Will Sandeep Bakhshi do a PruLife at ICICI Bank?4 min read . Updated: 20 Jun 2018, 02:58 PM IST
Sandeep Bakhshi is uniquely poised to make deep changes in the way banks sell insurance policies and mutual funds
Soft spoken and unhurried, Sandeep Bakhshi is probably the best placed today to calm the turbulent waters at ICICI Bank Ltd. More Warren Buffett than The Wolf of Wall Street, Bakhshi is a career banker who has now successfully run the insurance piece of the financial services empire of the ICICI Group of companies. He’s done this before—come into a bad situation and turned it around. Bakhshi was brought in to lead ICICI Prudential Life in 2010 at a difficult time. He inherited an aggressive sales-at-any-cost culture set in place by the firm’s first chief executive, Shikha Sharma. ICICI Prudential Life had been infamously in trouble over its “Operation Jehad" in 2005, when one of the branches used the name and images of Osama Bin Laden to motivate the sales force. Insurance policy sales were “kills", and five ICICI Prudential Life employees were jailed over this episode. You can read more about this here.
Remember that 2004 to 2010 were the years of a young, newly privatised life insurance industry that walked into a bull run with a new market-linked product called Unit Linked Insurance Plans (Ulips). Frauds, misselling and investor distress were so high that by 2010, the government leaned on the insurance regulator to put in place some safeguards. Ulip rules changed for the better in September 2010, with a better cost and incentive structure. Bakhshi took over on 31 July 2010.
There was flux outside and inside. The firm itself was in a flux, having lost the second CEO in just over a year. V. Vaidyanathan had taken over as managing director and CEO in April 2009 as Sharma moved out to join Axis Bank. But just a year later, Bakhshi was brought in to replace Vaidyanathan, who was moving on to another assignment.
Bundled life insurance is a tough business and has been made tougher with the kind of agency distribution model used by the erstwhile monopoly Life Insurance Corporation of India (LIC). Bakhshi’s challenges were to build profitability for the firm while dealing with the huge crisis of confidence among investors. He realized early on that one could not come at the cost of the other. Unless the customer comes and stays with the product, the firm cannot see sustainable profits.
One way to judge Bakhshi in his role at ICICI Prudential Life is to look at the persistency number. A 61st month persistency shows percentage of policies alive five years after a sale. A 61st month persistency of 80% shows that 80 out of 100 polices sold five year ago are still being funded by investors. Remember that life insurance is a long-term business with average product tenure of 15-20 years. By 2013-14, the 61st month persistency of the company was down to 10.7%. This means that just 10 policies out of 100 sold five years ago (2008-09) were still being serviced. The rest had lapsed. Low persistency rates point to misselling and fraudulent sales. A persistency number of 10% reflects poorly on the sales culture of the firm in those years. By 2016-17, this number was up at 49.12%, ahead of a 44% persistency of LIC.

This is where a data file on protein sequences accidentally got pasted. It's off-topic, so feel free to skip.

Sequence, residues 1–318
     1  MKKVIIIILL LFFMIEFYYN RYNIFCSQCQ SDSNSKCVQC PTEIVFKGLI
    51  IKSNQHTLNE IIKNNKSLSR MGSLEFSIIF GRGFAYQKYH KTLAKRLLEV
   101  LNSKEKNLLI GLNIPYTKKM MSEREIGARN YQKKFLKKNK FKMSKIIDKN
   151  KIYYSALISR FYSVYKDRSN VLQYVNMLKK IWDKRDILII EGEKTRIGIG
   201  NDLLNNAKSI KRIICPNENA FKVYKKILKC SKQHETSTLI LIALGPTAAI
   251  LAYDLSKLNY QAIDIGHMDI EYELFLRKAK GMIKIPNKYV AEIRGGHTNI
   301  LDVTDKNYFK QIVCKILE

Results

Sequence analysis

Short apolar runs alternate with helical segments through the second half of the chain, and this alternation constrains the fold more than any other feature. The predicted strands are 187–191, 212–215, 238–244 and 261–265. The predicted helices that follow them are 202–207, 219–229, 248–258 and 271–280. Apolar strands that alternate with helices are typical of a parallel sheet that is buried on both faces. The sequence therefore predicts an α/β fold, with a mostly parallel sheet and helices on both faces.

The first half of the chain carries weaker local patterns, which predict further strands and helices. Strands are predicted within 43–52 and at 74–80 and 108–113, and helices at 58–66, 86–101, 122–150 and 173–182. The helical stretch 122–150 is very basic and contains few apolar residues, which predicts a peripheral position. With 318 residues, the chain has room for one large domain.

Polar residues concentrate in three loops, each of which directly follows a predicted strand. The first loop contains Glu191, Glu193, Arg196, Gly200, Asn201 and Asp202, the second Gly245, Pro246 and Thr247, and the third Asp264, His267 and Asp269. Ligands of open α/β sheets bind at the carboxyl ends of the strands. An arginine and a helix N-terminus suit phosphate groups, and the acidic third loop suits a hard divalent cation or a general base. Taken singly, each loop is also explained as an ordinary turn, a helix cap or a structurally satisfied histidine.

The use of technology, focus on Ulips (the new improved Ulip is a better deal than the money-back) and pure term plans, and processes put in place to double check the sales process are some of the measures Bakhshi took in his eight-year tenure at the firm. Bakhshi was also at the helm of making ICICI Prudential the first life insurance firm to list.
Happier switching to Hindi to explain a point, Bakhshi is known to be a consensus builder but with a tight focus on what he wants as an outcome. The skill-set of an in-house turnarounder will come in handy as it is unlikely that Chanda Kochhar will be returning to the job. Bakhshi would not leave the top job for a number two post. The life insurance firm already has a new CEO and Kochhar has just a few months of tenure left.
Bakhshi is uniquely poised to make deep changes in the way banks sell insurance policies and mutual funds. He has seen from an outsider’s point of view the distress caused by unregulated sales by bank managers. As head of India’s second largest bank, Bakhshi will have an opportunity to build a sales culture in banking as he has attempted to do in the life insurance firm. Remains to be seen if he will.
Monika Halan is consulting editor at Mint and writes on household finance, policy and regulation. Her Twitter handle is @monikahalan. To read more columns by her, click here